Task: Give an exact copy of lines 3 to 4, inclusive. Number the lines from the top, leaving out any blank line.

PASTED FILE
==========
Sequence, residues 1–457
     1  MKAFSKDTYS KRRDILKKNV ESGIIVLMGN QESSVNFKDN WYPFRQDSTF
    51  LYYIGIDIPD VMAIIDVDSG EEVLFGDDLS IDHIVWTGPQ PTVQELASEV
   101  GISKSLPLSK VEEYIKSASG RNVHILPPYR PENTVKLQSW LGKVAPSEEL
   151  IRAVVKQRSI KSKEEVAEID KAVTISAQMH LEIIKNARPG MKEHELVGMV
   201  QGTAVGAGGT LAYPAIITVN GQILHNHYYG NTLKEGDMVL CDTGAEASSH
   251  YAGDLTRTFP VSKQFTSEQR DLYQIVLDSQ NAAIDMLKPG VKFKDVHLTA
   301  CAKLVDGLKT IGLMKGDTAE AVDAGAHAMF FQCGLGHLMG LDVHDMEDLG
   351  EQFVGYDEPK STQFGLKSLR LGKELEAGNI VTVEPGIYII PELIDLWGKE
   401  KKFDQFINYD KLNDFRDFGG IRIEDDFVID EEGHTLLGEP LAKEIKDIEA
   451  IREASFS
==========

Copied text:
    51  LYYIGIDIPD VMAIIDVDSG EEVLFGDDLS IDHIVWTGPQ PTVQELASEV
   101  GISKSLPLSK VEEYIKSASG RNVHILPPYR PENTVKLQSW LGKVAPSEEL